Blindness to the world

written and directed by Andrzej Jakimowski

A wonderful film about the power of imagination and its role in our perception of the world. 

After seeing the film I was ecstatic and started looking for some reviews on the net.  Well, by misfortune I stumbled first upon a certain lukewarm review.  A very disappointing read.  Seems like the reviewer did not get anything of value from the film.  In his eyes it was flat and limping, sprinkled with some nice craftsmanship.   My reaction, on the other hand, was enthusiastic.  Who’s right?  Could I read too much into the screen?   Am I too sentimental?  Too unexperienced?  

With a subtle film, and Imagine is one, a think a thick skin reviewer can do a real damage to the perception of artistic work.  So let’s treat reviews with suspicion (says the guy who in a sense is about to give one!) 

Contrary to the lukewarm reviewer, in my take the love affair in the film is a vehicle for the exploration of imagination.  In the narrative, love is important but it is not what the film is about.  A blind man in the film tells others about the world.  He points to them unknown aspects of reality.   He teaches them how “to see.”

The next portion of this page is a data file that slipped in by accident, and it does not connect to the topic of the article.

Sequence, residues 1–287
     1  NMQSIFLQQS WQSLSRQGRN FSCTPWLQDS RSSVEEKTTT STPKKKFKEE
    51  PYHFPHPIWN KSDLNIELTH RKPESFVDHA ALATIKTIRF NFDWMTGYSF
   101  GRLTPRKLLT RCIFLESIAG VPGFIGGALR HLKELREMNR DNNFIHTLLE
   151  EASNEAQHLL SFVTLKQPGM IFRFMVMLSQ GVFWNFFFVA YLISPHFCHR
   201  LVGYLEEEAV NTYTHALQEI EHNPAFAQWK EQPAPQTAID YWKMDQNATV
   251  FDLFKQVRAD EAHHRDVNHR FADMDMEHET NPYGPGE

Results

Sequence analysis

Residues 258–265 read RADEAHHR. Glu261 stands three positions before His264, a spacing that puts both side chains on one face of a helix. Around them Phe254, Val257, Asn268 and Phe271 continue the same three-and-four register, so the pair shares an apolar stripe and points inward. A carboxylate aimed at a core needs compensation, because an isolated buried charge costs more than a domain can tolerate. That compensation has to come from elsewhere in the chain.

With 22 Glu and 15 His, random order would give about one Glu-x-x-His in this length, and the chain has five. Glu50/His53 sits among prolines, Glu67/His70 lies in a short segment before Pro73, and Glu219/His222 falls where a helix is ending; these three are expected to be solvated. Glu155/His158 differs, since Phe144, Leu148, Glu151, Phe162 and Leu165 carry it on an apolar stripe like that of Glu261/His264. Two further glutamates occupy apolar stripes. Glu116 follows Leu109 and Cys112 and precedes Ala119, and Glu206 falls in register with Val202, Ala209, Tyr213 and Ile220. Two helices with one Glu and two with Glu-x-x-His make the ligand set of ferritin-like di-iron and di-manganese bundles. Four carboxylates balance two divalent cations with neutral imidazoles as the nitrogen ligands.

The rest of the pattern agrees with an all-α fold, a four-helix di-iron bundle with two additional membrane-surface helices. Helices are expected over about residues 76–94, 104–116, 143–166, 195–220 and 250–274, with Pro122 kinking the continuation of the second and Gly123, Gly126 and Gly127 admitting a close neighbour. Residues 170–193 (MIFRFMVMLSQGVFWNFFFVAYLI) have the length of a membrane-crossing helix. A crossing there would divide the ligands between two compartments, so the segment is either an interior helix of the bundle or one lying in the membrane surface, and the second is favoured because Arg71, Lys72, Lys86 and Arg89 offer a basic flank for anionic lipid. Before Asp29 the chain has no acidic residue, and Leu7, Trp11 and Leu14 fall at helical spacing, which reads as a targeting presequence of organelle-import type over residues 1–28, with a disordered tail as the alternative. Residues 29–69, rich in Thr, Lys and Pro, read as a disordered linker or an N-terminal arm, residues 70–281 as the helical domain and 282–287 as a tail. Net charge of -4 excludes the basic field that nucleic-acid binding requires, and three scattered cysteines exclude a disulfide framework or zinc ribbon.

The message is somewhere between “fake it till you make it” pop culture approach to life and one of the critical assumptions of Transcendental Idealism in German philosophy.  (Two entries ago I telegraphed the problem of perception in Kant and Fichte in relation to the Siemek project, the documentary currently on my plate.)

Jakimowski, the director of Imagine, studied philosophy so it is safe to assume that he is versed in the role of imagination in constructing the reality.  He for sure knows Kant and Fichte.   But what’s beautiful about his script is that it also plays on normal, non philosophical, levels.  One of them could be also the filmmaking itself.  

Just like some film directors, the blind man in the story is a mixture of chutzpah, insight, lies and techniques that are not always working.  Yet, with the power of his conviction he creates the world, he gives people a way to see the reality.  Is he a fake?  Is the hero of “Imagine” a fake?  Maybe partly he is, or maybe he is just too confident.  But at the end his reading of the reality proves to be true.   And he gets the girl. 

What else is to want. 

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